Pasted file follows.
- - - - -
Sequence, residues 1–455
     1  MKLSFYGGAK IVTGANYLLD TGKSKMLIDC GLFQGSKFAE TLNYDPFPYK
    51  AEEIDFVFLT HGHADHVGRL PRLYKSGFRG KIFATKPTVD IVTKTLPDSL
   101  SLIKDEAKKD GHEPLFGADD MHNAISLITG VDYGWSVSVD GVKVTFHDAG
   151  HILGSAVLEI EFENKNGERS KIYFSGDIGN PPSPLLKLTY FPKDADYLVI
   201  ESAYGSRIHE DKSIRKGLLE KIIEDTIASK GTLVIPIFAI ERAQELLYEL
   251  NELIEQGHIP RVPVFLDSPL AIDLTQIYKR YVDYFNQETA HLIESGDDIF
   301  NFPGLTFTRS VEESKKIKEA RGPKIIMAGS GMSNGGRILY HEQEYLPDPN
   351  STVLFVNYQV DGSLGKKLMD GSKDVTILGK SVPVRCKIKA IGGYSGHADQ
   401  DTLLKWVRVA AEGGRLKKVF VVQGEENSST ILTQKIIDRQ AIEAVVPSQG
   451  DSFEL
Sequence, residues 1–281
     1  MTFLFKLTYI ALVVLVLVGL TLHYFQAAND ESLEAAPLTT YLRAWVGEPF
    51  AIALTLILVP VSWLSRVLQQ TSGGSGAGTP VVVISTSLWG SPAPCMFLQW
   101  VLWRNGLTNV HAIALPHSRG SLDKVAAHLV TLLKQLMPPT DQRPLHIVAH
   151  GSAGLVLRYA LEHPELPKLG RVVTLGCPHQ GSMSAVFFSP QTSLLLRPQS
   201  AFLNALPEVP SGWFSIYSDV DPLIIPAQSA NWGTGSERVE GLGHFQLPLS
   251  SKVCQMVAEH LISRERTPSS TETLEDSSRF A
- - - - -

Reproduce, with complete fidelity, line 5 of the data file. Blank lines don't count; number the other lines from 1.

   151  HILGSAVLEI EFENKNGERS KIYFSGDIGN PPSPLLKLTY FPKDADYLVI